Black tea: There is limited study of black tea as a mouthwash for the prevention of dental cavities. It is not clear whether this therapy has any benefit. Avoid if allergic or hypersensitive to caffeine or tannins. Skin rash and hives have been reported with caffeine ingestion. Use with caution in people with diabetes. Heavy caffeine intake during pregnancy may increase the risk of SIDS (sudden infant death syndrome). Very high doses of caffeine have been linked to birth defects. Caffeine is transferred into breast milk. Caffeine ingestion by infants can lead to sleep disturbances and insomnia. Infants nursing from mothers consuming more than 500 milligrams of caffeine daily have been reported to experience tremors and heart rhythm abnormalities. Tea consumption by infants has been linked to anemia, decreased iron metabolism, and irritability. Avoid or use with caution if pregnant or breastfeeding.
Green tea: There is limited study of green tea as a mouthwash for the prevention of dental cavities. It is not clear whether this is a beneficial therapy. Avoid if allergic or hypersensitive to caffeine or tannins. Use cautiously with diabetes or liver disease. Avoid or use with caution if pregnant or breastfeeding.
Because hypodontia and nail dysgenesis (HND) is an inherited condition, there is currently no known way to prevent the disease.
Genetic testing and counseling: Individuals who have HND may meet with a genetic counselor to discuss the risks of having children with the disease. Genetic counselors can explain the options and the associated risks of various tests, including pre-implantation genetic diagnosis (PGD), amniocentesis, and chorionic villus sampling (CVS).
Pre-implantation genetic diagnosis (PGD) may be used with in vitro (artificial) fertilization. In PGD, embryos are tested for the defective MSX1 gene, and only the embryos that are not affected may be implanted and carried to term. Because HND can be detected in an unborn baby, parents may choose whether to continue the pregnancy. Genetic counselors may assist parents with these difficult decisions.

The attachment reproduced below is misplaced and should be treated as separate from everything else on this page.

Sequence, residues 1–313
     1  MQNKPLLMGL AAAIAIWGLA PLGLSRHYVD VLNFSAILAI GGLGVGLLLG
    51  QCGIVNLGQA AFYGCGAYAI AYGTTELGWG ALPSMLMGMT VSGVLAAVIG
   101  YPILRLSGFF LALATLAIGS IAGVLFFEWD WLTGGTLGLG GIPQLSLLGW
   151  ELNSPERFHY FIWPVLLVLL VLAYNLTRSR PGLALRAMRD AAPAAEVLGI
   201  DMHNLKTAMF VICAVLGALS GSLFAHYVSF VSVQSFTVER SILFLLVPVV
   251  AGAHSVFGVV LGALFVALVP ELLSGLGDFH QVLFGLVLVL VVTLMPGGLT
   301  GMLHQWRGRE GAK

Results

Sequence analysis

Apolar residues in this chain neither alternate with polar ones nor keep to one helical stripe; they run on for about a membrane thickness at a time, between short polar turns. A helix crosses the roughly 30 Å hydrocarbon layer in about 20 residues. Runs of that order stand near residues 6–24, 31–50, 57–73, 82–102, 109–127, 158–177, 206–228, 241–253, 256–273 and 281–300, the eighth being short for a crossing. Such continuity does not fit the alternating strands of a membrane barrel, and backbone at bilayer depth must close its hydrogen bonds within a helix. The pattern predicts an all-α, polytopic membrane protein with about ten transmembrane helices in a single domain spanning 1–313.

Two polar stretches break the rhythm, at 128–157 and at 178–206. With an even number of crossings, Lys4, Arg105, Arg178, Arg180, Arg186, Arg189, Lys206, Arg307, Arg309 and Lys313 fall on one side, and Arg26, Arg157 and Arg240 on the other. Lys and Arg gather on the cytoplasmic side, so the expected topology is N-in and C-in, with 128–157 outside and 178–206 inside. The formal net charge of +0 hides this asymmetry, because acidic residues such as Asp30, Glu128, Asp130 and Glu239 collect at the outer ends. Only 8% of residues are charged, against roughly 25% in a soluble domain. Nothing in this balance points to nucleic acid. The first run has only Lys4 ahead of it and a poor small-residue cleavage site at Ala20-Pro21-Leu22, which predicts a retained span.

This information has been edited and peer-reviewed by contributors to the Natural Standard Research Collaboration (www.naturalstandard.com).
Natural Standard developed the above evidence-based information based on a thorough systematic review of the available scientific articles. For comprehensive information about alternative and complementary therapies on the professional level, go to www.naturalstandard.com. Selected references are listed below.
Devadas S, Varma B, Mungara J, et al. Witkop tooth and nail syndrome: a case report. Int J Paediatr Dent. 205;15(5):364-9. View Abstract
Giansanti JS, Long SM, Rankin JL. The 'tooth and nail' type of autosomal dominant ectodermal dysplasia. Oral Surg. 1974;37:576-82. View Abstract
Jumlongras D, Bei M, Stimson JM, et al. A nonsense mutation in MSX1 causes Witkop syndrome. Am J Hum Genet. 2001;69:67-74. View Abstract
Hodges SJ, Harley KE. Witkop tooth and nail syndrome: report of two cases in a family. Int J Paediatr Dent. 1999;9(3):207-11. View Abstract
Hudson CD, Witkop CJ. Autosomal dominant hypodontia with nail dysgenesis. Report of twenty-nine cases in six families. Oral Surg Oral Med Oral Pathol. 1975;39(3):409-23. View Abstract
National Foundation for Ectodermal Dysplasias. www.nfed.org.
Natural Standard: The Authority on Integrative Medicine. www.naturalstandard.com.
Redpath TH, Winter GB. Autosomal dominant ectodermal dysplasia with significant dental defects. Br Dent J. 1969;126:123-8.
Wicomb GM, Stephen LXG, Beighton P. Dental implications of tooth-nail dysplasia (Witkop syndrome): a report of an affected family and an approach to dental management. J Clin Pediat Dent. 2004 Winter;28(2):107-12. View Abstract
Copyright © 2013 Natural Standard (www.naturalstandard.com)
The information in this monograph is intended for informational purposes only, and is meant to help users better understand health concerns. Information is based on review of scientific research data, historical practice patterns, and clinical experience. This information should not be interpreted as specific medical advice. Users should consult with a qualified healthcare provider for specific questions regarding therapies, diagnosis and/or health conditions, prior to making therapeutic decisions.
March 22, 2017